Archaeology, Ethnohistory and Exchange along the Coast of Ecuador

Article excerpt

Sea-faring along the coast of Ecuador [ILLUSTRATION FOR FIGURE 1 OMITTED]

In 1525, Francisco Pizarro's pilot, Bartolomeo Ruiz, led the second exploratory expedition along the west coast of northern South America, and what is now Ecuador. According to the Relacion of this voyage, probably written by Pizarro's secretary Francisco de Xerez (Pizarro [1844a]), he encountered and captured an indigenous vessel or balsa of around 25 modern tons. It was laden with a rich cargo which included many items of adornment, articles fashioned from gold and silver, embroidered textiles and also quantities of sea shells, apparently all carried for the purposes of trade at long distance.

This account provides readers with a tantalizing glimpse of the early maritime communities of pre-Columbian coastal Ecuador at the point of European contact, and of the society of merchant traders who lived there (Pizarro [1844a]: 196-200; my translation):

they took a ship in which came up to twenty men, of which eleven of them threw themselves into the water, and taking three of those left the pilot [Bartolomeo Ruiz] put the others ashore so that they might go; and these three that were kept for interpreters, he treated very well and kept them with him.

This ship which I say he took, seemed to have the capacity of up to thirty toneles; it was made deck and keel of canes as big as posts, bound with ropes of what they call sisal, which. is like hemp, and the upper [deck] of lighter canes tied with the same ropes, where the people and their cargo travel together dry because the lower part is awash. Her masts and lateen yards were of very fine wood and sails of cotton of the same appearance as our ships, and very good rigging of the said sisal, which I say is like hemp, and some pierced stone weights [potales] for anchors in the manner of barbers' grinding stones.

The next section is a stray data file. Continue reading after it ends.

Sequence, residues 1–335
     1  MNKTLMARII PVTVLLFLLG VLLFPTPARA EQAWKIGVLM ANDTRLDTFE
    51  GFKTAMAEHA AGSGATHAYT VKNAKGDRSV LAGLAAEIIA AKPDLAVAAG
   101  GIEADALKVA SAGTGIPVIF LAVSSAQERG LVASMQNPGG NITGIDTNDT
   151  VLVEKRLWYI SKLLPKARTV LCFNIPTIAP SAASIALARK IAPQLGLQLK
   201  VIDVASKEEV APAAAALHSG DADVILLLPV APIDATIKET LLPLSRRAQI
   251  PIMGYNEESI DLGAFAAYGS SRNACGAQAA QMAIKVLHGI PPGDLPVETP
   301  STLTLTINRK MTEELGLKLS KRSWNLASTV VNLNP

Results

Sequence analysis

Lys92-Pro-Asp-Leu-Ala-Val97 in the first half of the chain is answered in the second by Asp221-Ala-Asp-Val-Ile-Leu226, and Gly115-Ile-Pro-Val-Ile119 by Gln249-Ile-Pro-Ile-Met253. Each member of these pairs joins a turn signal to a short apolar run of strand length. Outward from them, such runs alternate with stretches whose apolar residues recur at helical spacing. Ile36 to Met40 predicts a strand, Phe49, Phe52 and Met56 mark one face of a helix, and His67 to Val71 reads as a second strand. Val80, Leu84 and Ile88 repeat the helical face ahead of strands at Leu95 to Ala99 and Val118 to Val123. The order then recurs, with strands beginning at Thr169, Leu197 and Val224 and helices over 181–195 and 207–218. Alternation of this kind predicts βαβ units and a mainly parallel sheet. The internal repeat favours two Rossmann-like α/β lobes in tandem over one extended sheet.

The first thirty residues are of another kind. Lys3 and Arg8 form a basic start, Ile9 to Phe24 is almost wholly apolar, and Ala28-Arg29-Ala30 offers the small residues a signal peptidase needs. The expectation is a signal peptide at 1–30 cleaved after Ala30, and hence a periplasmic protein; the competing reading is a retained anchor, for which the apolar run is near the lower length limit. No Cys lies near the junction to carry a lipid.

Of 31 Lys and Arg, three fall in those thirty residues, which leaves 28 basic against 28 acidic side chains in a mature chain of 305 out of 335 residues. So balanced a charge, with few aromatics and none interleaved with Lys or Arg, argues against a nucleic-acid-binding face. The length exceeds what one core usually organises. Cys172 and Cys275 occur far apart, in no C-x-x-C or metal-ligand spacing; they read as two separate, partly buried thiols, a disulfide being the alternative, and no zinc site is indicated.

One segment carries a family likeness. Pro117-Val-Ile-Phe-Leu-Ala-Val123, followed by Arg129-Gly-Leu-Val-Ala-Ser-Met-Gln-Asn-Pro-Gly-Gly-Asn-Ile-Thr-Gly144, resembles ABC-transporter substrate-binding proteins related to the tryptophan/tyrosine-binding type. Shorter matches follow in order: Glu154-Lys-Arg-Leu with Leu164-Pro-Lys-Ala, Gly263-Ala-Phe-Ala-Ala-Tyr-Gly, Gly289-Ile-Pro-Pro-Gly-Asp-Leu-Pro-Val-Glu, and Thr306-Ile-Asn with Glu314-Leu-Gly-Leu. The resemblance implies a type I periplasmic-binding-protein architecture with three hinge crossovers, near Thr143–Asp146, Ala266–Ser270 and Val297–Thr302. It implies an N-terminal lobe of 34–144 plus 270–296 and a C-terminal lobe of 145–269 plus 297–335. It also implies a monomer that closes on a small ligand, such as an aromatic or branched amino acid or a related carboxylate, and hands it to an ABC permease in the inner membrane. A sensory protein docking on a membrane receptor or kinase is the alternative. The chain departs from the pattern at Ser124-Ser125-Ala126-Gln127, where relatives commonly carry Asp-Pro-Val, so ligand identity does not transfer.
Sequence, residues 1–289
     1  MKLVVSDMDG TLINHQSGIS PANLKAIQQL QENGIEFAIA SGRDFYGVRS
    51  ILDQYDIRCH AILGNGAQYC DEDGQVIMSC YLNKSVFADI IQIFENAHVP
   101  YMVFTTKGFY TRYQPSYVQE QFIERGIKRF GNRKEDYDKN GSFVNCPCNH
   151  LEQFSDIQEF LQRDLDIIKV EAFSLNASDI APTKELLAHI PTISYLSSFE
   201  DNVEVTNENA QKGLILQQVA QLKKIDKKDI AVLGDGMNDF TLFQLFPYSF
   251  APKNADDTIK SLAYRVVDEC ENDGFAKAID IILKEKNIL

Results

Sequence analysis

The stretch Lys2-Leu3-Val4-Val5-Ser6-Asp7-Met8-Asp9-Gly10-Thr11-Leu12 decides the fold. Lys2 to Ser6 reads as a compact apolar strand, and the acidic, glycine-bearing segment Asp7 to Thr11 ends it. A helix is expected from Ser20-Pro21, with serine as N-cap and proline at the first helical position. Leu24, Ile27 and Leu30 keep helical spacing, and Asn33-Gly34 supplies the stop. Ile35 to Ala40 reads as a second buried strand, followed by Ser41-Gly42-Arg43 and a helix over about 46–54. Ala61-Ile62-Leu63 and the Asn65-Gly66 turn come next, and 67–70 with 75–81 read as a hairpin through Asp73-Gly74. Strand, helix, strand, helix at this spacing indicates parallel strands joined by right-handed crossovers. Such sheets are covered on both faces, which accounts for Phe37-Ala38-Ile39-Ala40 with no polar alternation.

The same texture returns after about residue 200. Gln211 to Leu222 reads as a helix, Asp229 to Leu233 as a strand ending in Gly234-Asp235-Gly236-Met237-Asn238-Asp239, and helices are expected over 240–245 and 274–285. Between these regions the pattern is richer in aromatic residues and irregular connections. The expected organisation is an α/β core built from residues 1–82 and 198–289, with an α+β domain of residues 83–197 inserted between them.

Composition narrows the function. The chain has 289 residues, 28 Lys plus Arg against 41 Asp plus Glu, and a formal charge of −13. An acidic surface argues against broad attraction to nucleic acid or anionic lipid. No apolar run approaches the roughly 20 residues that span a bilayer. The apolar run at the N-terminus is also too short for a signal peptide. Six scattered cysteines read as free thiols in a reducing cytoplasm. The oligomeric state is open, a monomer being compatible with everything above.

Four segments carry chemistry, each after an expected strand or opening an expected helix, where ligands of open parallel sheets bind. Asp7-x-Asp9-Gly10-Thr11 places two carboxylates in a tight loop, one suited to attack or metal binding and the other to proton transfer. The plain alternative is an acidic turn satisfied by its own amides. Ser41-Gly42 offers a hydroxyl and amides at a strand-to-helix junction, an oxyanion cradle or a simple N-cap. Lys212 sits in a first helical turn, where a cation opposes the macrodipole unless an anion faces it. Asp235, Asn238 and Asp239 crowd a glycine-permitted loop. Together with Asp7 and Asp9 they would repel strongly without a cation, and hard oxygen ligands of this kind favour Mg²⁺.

And they were carrying many items of silver and of gold personal ornament to exchange with those with whom they were going to trade, including crowns and diadems and belts and gauntlets [ponietes] and leg armour [greaves?] and breast-plates and tweezers and jingling bells and strings and bunches of beads and rosecleres [other beads of a clear, rosy colour - Mester (1990)] and mirrors mounted with the said silver, and cups and other drinking vessels; they carried many mantles of wool and of cotton, and shirts and aljubas [tunics?] and alaremes and many other garments, most of them embroidered and richly worked in colours of scarlet and crimson, and blue and yellow, and of all other colours in different kinds of work and figures of birds and animals and fish and trees; and they brought some tiny weights to weigh gold, like Roman workmanship, and many other things. On some strings of beads there were some small stones of emerald and chalcedony, and other stones and pieces of crystal and anime. All this they brought to exchange for some shells from which they make coral red and white beads, and they had the vessel almost laden with them....

Those three indians which I said were seized on the ship and brought to the captains acquired our language very well. It seems that they were from a land and town called Calangane: the people in that land are of the most superior quality and manner of indians for they are of better appearance and colour and very skilled, and have a dialect like Arabic, and it seems that they had subjection over the indians I spoke of Tacamez and of the bay of San Mateo, and of Nancabez and of Tovirisimi and Conilope and Papagayos, and Tolona and Quisimos and Coaque and Tonconjes and Arampajaos, and Pintagua and Caraslobez and Amarejos, Cames, Amotopse, Docoa, all towns of the said plain that are found along the coast; and of all the rest of the coast in that land of Calangone where they are [come from], there are four towns together, under one lord, which are the said Calangome, and Tusco and Seracapez and Calango. There are many sheep [camelids] and pigs [wild peccary] and cats [ocelots? …